In the 1980 golf classic Caddyshack, Bill Murray memorably plays Carl Spackler, a greenskeeper slightly less intelligent than the gophers he's charged with eliminating from the course.
I loved that movie; I loved Bill Murray. Which is why I'm wearing a camo bucket hat and my athletic socks pulled up over my khaki pants in imitation of galoshes, just like Carl, bent over the practice putting green in front of The Lodge at Pebble Beach. The only other golfer around stands over his ball, pretending he's not listening to me, as I mumble what are probably the most famous lines in the movie: "Tears in his eyes as he lines up this last shot. He's got about 195 yards left, looks like he's got about an 8-iron. This crowd has gone deathly silent. A Cinderella story. Out of nowhere. A former caddy, now, about to become the Masters champion. It looks like a miracle … It's in the hole! It's in the hole!"
The other golfer picks up his ball and hurries away. Probably never saw the movie.
I don't even play golf. But ever since I saw Murray at the 1995 AT&T Pebble Beach Pro-Am wearing, on one day, rumpled gray cotton shorts that looked slept in - "I just signed a very lucrative deal with Goodwill Industries," he explained - and on the next, an artificial-turf-topped tam-o'-shanter with a plastic golf ball and flag tied to its crown, I've wanted to caddy at the famed course, channeling my inner Carl Spackler.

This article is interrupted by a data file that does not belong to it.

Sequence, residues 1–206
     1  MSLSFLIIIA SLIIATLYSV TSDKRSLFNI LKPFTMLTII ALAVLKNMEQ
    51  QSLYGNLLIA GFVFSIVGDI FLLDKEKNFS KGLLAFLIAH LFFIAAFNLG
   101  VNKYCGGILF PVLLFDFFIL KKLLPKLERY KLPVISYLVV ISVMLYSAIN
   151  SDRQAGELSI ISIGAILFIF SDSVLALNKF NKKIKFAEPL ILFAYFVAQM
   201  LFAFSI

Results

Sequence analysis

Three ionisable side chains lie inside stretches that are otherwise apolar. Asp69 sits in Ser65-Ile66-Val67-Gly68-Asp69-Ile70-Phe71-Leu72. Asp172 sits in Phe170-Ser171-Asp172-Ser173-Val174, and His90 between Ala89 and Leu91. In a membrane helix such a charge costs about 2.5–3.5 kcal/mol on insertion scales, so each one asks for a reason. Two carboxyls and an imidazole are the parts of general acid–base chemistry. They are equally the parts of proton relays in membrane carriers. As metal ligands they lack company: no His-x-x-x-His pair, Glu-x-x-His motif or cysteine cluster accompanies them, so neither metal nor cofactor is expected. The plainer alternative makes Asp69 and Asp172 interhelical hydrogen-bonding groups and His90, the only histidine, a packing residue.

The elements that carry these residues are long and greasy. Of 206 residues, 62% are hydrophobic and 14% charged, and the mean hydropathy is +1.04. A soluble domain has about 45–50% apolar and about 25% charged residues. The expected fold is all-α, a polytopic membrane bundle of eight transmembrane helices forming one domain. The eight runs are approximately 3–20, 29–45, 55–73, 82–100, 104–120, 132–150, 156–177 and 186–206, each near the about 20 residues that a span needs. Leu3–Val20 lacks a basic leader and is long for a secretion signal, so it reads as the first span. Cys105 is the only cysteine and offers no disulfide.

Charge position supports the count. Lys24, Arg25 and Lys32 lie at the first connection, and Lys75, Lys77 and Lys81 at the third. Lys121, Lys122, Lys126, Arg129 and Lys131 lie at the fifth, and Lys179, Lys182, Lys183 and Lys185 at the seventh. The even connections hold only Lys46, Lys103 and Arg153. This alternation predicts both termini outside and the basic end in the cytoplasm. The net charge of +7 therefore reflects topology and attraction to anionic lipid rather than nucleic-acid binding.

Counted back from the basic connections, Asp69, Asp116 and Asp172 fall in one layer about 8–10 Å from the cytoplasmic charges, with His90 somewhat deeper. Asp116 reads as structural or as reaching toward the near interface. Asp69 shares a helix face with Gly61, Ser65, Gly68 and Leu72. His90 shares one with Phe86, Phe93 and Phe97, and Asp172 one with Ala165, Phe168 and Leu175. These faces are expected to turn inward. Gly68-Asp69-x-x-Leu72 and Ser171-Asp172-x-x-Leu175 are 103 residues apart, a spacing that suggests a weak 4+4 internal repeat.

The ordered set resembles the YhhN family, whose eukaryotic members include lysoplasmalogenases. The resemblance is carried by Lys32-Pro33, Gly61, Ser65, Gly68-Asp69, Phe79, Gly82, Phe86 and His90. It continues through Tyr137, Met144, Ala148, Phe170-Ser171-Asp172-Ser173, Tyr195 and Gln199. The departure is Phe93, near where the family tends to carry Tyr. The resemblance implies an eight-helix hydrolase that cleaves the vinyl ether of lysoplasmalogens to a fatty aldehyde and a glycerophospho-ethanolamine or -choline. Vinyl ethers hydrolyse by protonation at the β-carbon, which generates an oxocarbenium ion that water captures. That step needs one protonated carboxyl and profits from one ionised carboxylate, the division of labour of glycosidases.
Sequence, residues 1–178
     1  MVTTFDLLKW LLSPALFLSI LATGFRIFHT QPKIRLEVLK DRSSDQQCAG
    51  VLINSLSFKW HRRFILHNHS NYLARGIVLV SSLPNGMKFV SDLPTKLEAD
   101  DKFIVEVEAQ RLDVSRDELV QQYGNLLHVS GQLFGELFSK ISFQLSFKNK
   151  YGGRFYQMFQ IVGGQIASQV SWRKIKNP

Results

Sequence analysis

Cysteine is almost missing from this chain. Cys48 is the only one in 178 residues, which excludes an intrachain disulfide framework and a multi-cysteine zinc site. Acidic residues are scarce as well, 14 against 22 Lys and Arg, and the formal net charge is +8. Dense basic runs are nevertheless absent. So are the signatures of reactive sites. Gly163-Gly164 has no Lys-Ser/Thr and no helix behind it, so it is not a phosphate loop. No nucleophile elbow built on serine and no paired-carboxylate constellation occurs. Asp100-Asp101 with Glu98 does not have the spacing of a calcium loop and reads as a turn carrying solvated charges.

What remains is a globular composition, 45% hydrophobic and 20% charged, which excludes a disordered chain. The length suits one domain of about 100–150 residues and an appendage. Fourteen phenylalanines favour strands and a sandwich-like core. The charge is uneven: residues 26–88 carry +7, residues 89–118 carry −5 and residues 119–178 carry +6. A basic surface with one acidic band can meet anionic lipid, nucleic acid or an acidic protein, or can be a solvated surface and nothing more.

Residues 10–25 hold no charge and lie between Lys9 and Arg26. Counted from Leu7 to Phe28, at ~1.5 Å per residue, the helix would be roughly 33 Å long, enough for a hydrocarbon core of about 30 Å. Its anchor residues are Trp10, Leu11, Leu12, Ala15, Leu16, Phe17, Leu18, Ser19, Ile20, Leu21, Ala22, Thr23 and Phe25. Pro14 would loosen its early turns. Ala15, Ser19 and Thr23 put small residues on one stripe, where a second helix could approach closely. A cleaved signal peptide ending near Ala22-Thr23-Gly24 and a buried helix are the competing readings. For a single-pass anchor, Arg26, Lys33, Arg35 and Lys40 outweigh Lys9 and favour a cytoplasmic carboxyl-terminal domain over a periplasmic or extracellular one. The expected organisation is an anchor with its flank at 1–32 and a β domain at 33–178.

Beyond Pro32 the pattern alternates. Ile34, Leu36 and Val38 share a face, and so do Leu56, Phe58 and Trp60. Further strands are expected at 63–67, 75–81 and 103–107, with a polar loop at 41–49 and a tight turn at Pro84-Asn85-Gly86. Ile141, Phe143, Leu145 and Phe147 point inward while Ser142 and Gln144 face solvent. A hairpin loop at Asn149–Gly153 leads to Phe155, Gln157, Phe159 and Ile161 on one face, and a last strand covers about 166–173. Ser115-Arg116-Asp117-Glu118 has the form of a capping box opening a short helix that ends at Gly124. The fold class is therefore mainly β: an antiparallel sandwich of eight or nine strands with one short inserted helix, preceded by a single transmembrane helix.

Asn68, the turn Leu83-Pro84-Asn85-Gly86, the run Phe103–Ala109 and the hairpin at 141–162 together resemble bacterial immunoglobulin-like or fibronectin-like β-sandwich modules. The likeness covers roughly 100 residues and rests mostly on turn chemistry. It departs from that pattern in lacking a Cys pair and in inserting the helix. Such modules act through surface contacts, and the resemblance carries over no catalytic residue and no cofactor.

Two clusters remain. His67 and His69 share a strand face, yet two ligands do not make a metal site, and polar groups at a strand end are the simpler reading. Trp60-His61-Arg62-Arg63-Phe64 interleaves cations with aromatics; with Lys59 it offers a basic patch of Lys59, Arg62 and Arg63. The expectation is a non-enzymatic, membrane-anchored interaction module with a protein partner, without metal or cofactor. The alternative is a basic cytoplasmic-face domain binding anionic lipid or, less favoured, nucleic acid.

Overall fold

And now I am. It's a cold, dark, misty morning, and I've been granted caddy intern status for just one day on the front nine only. I'm officially a Pebble Beach looper, you know, a caddy, a looper, a jock.
My mentor is Casey Boyns, a 59-year-old amateur golfer who has been a caddy at Pebble Beach since he was a teenager and plays well enough to have twice won the California State Amateur Championship. He's done this often enough that he's pretty nonchalant about everything, including having a 62-year-old non-golfer intern as a caddy. I tell him I'm here because I met Bill Murray on this course 20 years ago when I was following around college buddy and pro-golfer Peter Jacobsen. Boyns tells me he caddied for Michael Jordan once, and that Jordan was good.
Our foursome from Utah is half our age. The first guy takes a couple of practice swings on the first hole just as a doe ambles onto the fairway not 50 feet away. The golfer shouts at the deer and waves his club, but it goes on munching grass, undisturbed. "If I hit that deer, do I get a free drop?" the golfer asks. "Listen, just don't hit the deer," Boyns says.
The next guy tops the ball, and it dribbles maybe 20 feet. "What'd I do wrong?"
"You didn't hit it."
And so it goes. After one guy fails to loft his ball out of the sand, Boyns says, "Keep your head still." Other corrections: too quick, keep it slow, stay positive, don't lift your heels.